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Ross: Why we should be spending money on space travel

Astronaut Scott Kelly works outside of the International Space Station during a spacewalk on November 6, 2015 in space. The spacewalk lasted for seven hours and 48 minutes. (NASA via Getty Images)

One of the questions I’m hearing this week is: “Why did we stop going to the moon?” I remember exactly why. People started questioning sending billions of dollars into space when we had problems right here on earth.

There was poverty. There was Vietnam. And soon, all the kids who were inspired by the space program to immerse themselves in physics – as in my case – were hearing that we’d probably end up making napalm instead of moon landers. So budgets were cut and I switched my major to English.

But of course that money never really went into space. Money goes to people – pretty smart people – who taught us how to do big impossible things. The secret being to break them up into smaller possible things and to work though the setbacks.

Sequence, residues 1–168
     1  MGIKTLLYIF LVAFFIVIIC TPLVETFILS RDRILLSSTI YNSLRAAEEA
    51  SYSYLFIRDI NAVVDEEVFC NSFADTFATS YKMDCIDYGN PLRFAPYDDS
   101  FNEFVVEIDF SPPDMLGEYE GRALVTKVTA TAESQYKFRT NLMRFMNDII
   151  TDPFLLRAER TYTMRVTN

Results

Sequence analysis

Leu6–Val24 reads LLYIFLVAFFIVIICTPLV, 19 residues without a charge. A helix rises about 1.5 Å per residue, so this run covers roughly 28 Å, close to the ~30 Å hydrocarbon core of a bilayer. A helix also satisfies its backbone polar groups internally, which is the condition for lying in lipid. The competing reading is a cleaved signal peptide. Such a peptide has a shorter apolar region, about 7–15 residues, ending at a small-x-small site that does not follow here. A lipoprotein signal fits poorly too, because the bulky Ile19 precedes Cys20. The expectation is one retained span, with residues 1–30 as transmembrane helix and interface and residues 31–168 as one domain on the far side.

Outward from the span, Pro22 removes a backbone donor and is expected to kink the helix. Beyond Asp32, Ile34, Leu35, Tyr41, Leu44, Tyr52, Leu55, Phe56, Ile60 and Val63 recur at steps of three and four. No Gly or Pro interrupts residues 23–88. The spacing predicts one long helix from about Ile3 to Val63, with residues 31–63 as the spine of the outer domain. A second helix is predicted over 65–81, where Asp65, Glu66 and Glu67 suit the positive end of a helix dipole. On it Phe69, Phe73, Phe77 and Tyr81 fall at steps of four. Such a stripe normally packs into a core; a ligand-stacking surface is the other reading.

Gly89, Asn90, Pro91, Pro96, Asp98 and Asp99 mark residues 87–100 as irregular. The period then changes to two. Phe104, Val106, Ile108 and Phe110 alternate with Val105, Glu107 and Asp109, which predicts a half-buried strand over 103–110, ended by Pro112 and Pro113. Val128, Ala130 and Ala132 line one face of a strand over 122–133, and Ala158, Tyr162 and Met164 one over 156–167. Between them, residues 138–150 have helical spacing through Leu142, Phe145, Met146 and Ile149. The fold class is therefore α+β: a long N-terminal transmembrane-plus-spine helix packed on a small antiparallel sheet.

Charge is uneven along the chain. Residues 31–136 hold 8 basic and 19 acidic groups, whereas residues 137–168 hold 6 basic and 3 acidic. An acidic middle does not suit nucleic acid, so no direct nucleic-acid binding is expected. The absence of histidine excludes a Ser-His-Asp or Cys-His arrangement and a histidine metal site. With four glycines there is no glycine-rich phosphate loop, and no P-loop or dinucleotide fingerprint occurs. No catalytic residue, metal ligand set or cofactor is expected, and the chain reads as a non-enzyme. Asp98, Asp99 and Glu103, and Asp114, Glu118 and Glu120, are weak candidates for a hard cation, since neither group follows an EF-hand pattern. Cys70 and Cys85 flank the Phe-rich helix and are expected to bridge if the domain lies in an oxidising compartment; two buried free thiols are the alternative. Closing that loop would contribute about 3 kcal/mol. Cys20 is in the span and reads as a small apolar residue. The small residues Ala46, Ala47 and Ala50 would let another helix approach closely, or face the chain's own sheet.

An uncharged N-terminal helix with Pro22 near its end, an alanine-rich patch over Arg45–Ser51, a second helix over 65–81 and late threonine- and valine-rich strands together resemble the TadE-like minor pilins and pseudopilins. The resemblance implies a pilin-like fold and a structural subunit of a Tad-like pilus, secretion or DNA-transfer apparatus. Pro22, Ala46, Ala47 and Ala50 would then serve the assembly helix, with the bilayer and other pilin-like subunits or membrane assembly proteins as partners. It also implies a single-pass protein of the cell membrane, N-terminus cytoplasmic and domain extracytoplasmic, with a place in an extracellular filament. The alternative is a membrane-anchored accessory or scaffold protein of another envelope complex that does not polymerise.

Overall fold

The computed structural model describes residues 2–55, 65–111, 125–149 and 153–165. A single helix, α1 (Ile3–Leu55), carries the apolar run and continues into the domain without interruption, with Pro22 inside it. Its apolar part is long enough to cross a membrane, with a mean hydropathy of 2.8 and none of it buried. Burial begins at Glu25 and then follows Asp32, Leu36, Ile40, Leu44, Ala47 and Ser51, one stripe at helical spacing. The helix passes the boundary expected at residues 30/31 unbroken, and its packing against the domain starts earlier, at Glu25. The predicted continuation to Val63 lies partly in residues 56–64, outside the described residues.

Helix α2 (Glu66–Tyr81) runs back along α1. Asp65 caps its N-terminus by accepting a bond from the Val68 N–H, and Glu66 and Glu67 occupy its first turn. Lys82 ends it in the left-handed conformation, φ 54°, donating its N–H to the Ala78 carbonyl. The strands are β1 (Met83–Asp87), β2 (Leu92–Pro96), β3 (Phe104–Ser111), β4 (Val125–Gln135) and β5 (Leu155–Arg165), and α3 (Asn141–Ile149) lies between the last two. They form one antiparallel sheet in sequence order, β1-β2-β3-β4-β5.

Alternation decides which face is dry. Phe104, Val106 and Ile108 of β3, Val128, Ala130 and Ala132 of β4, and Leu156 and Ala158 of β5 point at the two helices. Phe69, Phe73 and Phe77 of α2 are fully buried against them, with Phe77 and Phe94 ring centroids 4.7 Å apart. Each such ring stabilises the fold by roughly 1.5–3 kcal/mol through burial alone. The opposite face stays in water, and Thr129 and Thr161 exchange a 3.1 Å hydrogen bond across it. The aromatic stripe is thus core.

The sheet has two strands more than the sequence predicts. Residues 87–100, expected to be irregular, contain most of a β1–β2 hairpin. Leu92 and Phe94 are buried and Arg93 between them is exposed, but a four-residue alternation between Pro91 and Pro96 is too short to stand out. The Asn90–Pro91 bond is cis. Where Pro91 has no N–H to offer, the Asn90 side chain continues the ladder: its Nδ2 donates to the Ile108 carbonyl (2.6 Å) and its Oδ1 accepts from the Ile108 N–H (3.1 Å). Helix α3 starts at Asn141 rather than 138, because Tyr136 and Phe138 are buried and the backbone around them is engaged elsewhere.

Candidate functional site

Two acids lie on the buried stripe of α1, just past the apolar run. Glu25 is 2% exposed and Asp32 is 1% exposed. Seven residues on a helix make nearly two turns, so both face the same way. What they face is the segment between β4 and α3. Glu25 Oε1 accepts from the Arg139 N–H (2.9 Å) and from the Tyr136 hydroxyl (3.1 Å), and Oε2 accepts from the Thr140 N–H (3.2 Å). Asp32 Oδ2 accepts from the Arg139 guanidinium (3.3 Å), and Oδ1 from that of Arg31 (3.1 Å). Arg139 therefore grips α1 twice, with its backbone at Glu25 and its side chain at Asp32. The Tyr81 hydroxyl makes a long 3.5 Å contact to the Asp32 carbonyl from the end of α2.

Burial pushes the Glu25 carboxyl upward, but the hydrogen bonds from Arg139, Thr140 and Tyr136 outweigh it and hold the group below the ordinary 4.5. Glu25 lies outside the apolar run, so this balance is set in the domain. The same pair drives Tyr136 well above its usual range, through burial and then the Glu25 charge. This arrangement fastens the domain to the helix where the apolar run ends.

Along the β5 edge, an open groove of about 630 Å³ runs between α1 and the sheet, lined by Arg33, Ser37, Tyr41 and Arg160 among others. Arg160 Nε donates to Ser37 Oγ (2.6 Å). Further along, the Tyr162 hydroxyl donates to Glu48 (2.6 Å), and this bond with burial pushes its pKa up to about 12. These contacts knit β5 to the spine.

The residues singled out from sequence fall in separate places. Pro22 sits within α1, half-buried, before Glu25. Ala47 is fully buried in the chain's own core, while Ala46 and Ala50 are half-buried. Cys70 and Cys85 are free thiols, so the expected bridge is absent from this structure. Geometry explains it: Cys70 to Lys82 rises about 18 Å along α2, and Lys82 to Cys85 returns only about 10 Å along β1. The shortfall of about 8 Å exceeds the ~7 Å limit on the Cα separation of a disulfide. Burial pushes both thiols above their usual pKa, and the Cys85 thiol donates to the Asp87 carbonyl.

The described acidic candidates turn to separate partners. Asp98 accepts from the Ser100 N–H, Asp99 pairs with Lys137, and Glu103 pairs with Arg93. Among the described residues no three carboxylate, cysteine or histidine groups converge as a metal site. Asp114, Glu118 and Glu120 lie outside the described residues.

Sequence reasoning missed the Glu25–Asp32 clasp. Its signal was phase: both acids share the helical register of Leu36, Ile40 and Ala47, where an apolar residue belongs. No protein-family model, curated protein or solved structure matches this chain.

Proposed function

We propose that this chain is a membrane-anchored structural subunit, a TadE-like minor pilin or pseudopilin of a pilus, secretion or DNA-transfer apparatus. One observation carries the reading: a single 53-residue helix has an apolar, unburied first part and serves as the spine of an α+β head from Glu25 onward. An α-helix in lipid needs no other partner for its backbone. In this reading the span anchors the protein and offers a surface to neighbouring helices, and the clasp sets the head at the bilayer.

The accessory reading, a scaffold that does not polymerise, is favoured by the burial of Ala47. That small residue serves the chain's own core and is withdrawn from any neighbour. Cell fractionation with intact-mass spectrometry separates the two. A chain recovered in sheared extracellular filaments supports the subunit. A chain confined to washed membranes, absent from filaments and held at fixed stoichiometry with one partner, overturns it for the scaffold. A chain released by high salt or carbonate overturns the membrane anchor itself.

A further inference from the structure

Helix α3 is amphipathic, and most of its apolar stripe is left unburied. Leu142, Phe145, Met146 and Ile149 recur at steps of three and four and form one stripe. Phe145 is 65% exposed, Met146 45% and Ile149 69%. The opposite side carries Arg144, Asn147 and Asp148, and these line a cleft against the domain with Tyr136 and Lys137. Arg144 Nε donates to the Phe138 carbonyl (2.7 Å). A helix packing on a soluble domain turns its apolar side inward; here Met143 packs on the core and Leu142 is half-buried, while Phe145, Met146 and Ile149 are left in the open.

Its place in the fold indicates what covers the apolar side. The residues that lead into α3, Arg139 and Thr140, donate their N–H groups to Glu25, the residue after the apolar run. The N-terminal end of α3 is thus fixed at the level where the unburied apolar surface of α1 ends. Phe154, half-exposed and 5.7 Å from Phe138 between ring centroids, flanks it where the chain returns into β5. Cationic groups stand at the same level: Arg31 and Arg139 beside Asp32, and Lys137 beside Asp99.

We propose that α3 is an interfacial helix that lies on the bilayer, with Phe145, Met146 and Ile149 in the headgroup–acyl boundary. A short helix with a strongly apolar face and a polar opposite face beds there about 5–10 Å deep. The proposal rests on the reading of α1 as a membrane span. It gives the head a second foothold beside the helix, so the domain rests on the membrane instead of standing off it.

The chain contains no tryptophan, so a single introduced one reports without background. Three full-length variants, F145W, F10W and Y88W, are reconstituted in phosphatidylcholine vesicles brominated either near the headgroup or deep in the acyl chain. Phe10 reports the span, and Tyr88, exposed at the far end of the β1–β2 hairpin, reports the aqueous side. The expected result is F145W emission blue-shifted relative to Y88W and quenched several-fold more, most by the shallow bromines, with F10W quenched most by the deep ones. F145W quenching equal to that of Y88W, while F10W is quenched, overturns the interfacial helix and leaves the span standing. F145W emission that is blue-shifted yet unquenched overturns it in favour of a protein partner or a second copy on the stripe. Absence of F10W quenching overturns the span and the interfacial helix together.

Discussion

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I think nations need impossible goals. Today, sports tend to fill that role. Winning the big game seems to have become the ultimate human achievement. Except sports are governed by artificial man-made rules enforced by fallible referees.

The rules of space are written, and enforced, by the universe. And the stakes are very real.

A space program gives countries a way to compete – and maybe even cooperate – on the greatest stage of all. And to be remembered for what they built instead of what they destroyed.

Plus, when we’re not busy trying to do something impossible, we spend way too much time calling each other racist.

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